President Obama said his failure to enact comprehensive immigration reform during his first term shouldn't disillusion Hispanic voters who supported him in 2008. "I've got another five years," Obama told the Spanish-language radio network Univision in an interview that aired today.
"We're going to get this done. And absolutely, we have strong support in the Latino community because they've seen what we've been working on," he said.
Obama made the comments during a phone interview with host Eddie "Piolin" Sotelo taped Wednesday ahead of his trip to Hispanic-heavy Florida today for a speech on the economy and three campaign fundraisers.
"Unfortunately, the Republican side, which used to at least give lip service to immigration reform, now they've gone completely to a different place," Obama said, "and have shown themselves unwilling to talk at all about any sensible solutions to this issue, and we're going to have to just keep up the pressure until they act."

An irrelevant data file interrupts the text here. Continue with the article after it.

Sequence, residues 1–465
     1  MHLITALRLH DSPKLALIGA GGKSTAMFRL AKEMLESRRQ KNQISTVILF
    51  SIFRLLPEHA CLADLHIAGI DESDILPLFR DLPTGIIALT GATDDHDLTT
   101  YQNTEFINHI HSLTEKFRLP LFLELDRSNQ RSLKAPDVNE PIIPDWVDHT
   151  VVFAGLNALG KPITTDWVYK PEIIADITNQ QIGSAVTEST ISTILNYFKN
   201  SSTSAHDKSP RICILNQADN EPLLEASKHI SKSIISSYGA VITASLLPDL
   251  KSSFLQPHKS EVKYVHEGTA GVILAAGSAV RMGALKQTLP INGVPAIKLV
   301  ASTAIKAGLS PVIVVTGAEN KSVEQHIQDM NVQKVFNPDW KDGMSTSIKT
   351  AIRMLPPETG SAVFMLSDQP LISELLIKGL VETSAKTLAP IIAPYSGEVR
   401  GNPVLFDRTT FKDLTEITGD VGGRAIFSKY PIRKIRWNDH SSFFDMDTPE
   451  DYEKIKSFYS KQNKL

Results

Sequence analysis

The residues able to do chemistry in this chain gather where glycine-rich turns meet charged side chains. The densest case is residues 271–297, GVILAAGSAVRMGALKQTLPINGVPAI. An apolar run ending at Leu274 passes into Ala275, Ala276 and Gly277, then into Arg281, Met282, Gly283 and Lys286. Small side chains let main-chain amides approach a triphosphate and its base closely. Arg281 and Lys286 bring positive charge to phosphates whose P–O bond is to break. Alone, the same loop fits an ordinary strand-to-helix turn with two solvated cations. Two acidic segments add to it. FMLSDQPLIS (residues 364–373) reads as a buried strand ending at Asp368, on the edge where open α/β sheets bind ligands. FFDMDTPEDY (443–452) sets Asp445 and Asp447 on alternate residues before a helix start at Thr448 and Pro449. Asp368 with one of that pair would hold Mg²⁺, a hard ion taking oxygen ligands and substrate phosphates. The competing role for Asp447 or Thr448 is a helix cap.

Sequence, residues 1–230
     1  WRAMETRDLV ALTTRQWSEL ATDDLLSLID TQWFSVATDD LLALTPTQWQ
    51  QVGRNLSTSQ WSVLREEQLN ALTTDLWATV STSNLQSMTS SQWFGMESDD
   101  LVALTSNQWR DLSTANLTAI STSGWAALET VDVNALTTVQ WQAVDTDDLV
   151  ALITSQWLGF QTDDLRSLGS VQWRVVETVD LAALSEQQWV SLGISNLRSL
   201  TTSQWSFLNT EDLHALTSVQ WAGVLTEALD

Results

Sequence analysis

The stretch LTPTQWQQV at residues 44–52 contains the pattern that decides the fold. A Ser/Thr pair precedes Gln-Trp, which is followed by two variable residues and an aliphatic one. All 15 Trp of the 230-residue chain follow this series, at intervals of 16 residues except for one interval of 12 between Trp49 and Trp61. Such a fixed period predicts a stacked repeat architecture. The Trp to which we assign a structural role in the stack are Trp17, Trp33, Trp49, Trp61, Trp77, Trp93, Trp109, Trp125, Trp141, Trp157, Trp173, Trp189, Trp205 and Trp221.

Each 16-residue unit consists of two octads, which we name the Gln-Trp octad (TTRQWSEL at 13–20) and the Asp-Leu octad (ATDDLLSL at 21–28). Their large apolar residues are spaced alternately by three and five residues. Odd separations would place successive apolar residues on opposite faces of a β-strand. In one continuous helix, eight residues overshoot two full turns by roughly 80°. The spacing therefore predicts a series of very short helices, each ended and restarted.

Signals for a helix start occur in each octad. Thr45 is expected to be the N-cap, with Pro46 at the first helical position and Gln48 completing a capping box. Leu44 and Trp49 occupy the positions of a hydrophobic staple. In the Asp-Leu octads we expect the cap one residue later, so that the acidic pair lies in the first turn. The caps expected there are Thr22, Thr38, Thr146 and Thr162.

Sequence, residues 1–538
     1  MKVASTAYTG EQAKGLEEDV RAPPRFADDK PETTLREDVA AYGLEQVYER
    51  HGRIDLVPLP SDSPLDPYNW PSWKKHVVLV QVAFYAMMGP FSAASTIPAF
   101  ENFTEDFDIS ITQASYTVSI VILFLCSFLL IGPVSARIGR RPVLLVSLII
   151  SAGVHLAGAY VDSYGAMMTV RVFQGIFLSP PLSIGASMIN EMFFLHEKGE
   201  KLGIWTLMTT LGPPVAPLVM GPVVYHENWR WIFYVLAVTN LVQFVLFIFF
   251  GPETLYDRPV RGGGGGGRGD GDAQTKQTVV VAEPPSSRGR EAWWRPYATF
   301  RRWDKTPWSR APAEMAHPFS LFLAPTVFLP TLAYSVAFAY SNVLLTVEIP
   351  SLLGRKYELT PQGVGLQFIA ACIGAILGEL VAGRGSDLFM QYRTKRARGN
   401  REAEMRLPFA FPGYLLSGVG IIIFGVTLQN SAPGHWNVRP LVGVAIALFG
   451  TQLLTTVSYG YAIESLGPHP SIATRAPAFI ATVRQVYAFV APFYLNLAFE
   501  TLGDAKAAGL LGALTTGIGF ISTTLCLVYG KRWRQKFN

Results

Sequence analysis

Obama did not mention the failure of the Democratically-controlled Congress of acting on immigration reform legislation during the first two years of his term or opposition from within his own party to a path to legal status for some of the nation's 12 million illegal immigrants.
"So far, we haven't seen any of the Republican candidates even support immigration reform. In fact, their leading candidate said he would veto even the Dream Act, much less comprehensive immigration reform," Obama said referring to GOP frontrunner Mitt Romney. "So the choice at the presidential level will not be that difficult."
Obama won 67 percent of the Hispanic vote in 2008 to John McCain's 32 percent. Recent polls show approval of Obama has slid significantly since 2008, though he remains favored nationally in hypothetical general election match-ups with Republican candidates.